Wednesday, March 23, 2011

The Libyan War is...

A. a bad idea.
B. a necessary evil. Innocent people are dying. U.S. intervention will keep Gaddafi from murdering his people.
C. not the outcome of constitutional deliberation and process.
D. a sign of Obama's weak leadership
E. a good idea.
F. What kind of phony discussion is this? The war in Libya is another undeclared war based on a (probably incorrect calculation of) national interests that will cost the United States much more than it delivers and will fall far short of any reasonable humanitarian goal.

There is a G, of course, namely that the whole idea of intervention in Libya is confusing and difficult to assess. The probabilities seem fairly high that, if Americans were to respond to a poll asking such a question and offering A through G as possible responses, a plurality would likely admit confusion and choose G. A good number might also support the idea that some sort of humanitarian intervention is necessary. A relative few would be likely to choose A, a bad idea.

On Tuesday, March 22, the Washington Post op-ed page featured five pieces offering some sort of counsel in regard to the choice. The five opinion writers, Anne Applebaum, George Will, Michael Gerson, Richard Cohen and Eugene Robinson, arguably came down on the side of B, C (with a leaning toward A), D & B, D & B, and F (or at least, A), respectively.

Only Applebaum, in "Aim low on Libya," expresses strong support for intervention and excuses the week-long delay in getting there, arguing that quicker or more enthusiastic intervention would have resulted in a widespread perception of American war-mongering. It made sense in this case, she says, to wait for the British and the French to take the lead.

Will doesn't believe that Obama's reasons for intervening were constitutional, persuasive or grounded in a reasonable grasp of history. He calls Obama's observation that Gaddafi has lost all credibility with the Libyan people "meretricious boilerplate [apparently] designed to anesthetize thought." Will helpfully brings history into the discussion, citing the Bay of Pigs and the Vietnam War as experiences that could teach valuable lessons. His use of history would be even more effective here had he previously bothered to vigorously play the unconstitutional card in regard to the two wars against Iraq launched by the Bushes, father and son.

Michael Gerson, a speech writer for Bush II before he got his job as a Post columnist, endorses the attacks on Libya upfront in "Obama's late arrival," but then spends an additional 800 or so words complaining that Senators Kerry, McClain and Lieberman were quicker to arrive at the public conclusion that intervention was necessary. This appears to be so, but significance ought to be a criterion for the Post's op-ed pages.

Bombing Gadaffi might get us to the end of the "old order in the Middle East" and lead to the "stability and prosperity [that] are powerful antitodes to the violent urges of nihlism and extremism," as Gerson writes. Then, again, maybe bombing, which the United States has engaged in from time to time these last many years, provides some sort of evidence that stability and prosperity are not always antidotes to violent urges.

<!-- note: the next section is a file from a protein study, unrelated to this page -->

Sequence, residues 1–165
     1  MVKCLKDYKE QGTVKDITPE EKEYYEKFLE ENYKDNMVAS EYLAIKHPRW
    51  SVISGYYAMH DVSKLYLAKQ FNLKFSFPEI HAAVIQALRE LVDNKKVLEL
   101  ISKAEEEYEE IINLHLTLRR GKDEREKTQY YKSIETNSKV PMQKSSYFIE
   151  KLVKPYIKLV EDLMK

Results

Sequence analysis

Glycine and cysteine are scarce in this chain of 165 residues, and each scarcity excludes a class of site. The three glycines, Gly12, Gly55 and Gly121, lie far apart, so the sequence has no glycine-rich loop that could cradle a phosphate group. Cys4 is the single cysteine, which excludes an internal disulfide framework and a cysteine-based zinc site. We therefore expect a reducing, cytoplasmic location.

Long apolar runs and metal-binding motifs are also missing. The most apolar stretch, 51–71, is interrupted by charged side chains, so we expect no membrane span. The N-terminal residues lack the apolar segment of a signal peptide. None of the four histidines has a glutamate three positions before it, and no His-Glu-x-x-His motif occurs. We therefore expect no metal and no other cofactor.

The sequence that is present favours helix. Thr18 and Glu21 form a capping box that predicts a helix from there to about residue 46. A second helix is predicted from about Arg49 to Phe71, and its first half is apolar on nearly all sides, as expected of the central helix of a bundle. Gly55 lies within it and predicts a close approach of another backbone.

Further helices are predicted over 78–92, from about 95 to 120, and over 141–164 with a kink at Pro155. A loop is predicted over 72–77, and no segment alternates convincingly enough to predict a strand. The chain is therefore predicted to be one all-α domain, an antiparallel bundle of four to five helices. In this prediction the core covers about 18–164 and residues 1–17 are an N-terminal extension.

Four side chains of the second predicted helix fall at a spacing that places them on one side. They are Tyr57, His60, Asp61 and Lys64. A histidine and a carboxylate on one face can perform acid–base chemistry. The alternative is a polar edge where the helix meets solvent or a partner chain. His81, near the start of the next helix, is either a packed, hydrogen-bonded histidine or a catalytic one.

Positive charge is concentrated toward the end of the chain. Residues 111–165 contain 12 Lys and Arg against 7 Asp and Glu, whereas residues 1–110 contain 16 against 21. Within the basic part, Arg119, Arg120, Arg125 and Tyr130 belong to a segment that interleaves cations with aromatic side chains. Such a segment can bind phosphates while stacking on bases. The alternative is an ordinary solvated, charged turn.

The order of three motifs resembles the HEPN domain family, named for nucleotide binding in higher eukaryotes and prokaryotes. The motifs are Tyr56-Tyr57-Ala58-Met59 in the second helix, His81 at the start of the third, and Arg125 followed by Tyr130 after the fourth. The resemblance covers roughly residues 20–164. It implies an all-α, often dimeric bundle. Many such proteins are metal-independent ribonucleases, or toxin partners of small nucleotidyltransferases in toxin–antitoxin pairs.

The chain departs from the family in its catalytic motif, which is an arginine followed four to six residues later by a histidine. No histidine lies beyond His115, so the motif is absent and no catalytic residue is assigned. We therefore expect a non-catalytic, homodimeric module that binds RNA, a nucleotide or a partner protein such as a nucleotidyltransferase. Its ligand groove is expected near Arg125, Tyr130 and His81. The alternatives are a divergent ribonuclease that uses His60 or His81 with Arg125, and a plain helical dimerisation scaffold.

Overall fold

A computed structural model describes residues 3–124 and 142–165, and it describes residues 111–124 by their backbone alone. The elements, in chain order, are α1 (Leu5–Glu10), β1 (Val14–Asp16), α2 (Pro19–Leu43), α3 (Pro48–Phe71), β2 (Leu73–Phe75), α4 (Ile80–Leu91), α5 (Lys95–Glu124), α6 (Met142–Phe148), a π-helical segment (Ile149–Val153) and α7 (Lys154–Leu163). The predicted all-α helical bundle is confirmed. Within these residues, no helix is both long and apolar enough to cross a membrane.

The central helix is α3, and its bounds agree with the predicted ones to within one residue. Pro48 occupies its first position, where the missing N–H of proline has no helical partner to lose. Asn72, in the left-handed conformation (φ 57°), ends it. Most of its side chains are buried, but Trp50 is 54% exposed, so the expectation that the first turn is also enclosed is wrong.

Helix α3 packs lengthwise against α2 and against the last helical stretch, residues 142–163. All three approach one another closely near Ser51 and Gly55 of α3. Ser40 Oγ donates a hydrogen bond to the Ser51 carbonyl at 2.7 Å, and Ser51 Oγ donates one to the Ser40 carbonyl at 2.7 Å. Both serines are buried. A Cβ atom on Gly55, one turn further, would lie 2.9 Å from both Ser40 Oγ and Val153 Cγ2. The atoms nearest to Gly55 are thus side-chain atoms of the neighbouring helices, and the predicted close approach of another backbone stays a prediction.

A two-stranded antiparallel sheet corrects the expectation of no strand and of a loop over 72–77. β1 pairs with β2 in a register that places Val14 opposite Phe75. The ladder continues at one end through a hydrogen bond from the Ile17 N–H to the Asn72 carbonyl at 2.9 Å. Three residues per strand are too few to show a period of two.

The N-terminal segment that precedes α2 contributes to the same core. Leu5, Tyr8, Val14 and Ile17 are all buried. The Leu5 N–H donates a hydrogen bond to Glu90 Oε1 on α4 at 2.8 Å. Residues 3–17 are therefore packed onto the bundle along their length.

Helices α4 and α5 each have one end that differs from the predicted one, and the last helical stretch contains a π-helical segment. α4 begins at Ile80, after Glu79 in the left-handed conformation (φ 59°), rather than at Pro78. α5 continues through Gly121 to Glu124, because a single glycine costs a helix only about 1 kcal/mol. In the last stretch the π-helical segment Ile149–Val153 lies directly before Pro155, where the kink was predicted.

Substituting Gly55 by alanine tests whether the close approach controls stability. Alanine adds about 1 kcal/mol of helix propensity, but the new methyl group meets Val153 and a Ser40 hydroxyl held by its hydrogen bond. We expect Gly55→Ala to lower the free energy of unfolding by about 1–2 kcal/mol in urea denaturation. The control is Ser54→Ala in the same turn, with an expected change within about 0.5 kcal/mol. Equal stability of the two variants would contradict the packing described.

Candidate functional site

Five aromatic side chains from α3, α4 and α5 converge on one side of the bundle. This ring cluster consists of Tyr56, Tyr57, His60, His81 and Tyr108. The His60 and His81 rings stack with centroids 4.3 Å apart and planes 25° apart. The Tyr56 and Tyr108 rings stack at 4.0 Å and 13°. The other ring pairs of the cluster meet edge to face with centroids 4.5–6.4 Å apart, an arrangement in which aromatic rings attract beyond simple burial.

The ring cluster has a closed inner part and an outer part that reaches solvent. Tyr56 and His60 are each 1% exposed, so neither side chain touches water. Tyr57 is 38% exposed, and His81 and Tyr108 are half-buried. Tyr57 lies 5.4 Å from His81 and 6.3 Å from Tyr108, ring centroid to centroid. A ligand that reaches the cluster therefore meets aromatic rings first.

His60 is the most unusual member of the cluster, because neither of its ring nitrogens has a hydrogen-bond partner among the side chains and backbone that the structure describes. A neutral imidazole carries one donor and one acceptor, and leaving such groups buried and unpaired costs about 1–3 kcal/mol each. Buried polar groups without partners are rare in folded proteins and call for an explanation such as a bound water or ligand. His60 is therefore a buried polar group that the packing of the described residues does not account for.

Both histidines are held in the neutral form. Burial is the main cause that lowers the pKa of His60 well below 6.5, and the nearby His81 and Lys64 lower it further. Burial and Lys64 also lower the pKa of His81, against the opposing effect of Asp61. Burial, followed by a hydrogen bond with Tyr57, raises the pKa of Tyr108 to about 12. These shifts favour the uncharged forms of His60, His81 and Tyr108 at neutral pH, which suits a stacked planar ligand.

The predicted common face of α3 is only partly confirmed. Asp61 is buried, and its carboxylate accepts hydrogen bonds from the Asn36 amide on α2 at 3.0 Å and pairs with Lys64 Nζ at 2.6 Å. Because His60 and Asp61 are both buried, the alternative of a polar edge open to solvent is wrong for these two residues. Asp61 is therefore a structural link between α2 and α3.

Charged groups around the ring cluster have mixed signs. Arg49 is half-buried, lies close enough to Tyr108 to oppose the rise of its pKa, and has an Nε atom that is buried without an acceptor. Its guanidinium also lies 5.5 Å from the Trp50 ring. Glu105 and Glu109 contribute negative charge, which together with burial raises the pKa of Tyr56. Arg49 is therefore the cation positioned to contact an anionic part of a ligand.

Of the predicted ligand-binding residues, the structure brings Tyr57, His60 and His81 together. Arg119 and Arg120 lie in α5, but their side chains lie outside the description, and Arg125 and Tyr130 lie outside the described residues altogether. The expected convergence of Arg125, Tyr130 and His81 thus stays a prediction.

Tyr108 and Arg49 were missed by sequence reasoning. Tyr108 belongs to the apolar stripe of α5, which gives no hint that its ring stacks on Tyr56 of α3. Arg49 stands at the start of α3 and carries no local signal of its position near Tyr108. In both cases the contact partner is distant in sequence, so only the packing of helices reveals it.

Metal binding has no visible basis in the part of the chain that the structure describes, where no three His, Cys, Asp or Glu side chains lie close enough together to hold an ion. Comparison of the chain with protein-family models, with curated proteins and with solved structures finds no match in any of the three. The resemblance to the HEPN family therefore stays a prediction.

Richard Cohen, who plays an establishment liberal to Gerson's establishment conservative in the pages of the Post, doesn't like the way Obama governs, either, but makes the case with a little bit more humor than Gerson. In "Uncle Miltie's plan," Cohen does make the helpful point that "the search for a Unified Theory of What Is Happening [in the Middle East] is futile" and details why. All the same, Cohen's chief criticism of Obama appears to be that the president lacks a unified theory. The administration, Cohen concludes, "could have made an argument for staying out [of Libya] or a more forceful argument for going in. Instead it made both. "Milton Berle now plays the White House," he writes. And, no doubt, also haunts Cohen's ambivalent dreams.

Way below the bottom of the fold comes Eugene Robinson's "The dictators we need." Perhaps placement on the page reflects the Post's assessment of the merits of Robinson's argument, but it does have the virtue of clarity. After noting that Gadaffi is a genuine villain, threatening to "turn all of Libya into a charnel house," a blunt description of the allied intevention "clearly intended to cripple the government and boost the revolt's chances of success," Robinson offers a real-politik survey of U.S. relations with other autocrats in the Middle East. He concludes with the observation that the world would be better off without Gaddafi, "but war in Libya is justifiable only if we are going to hold compliant dictators to the same standards we set for defiant ones. If not, please spare us all the homilies about universal rights and freedoms. We'll know this isn't about justice, it's about power."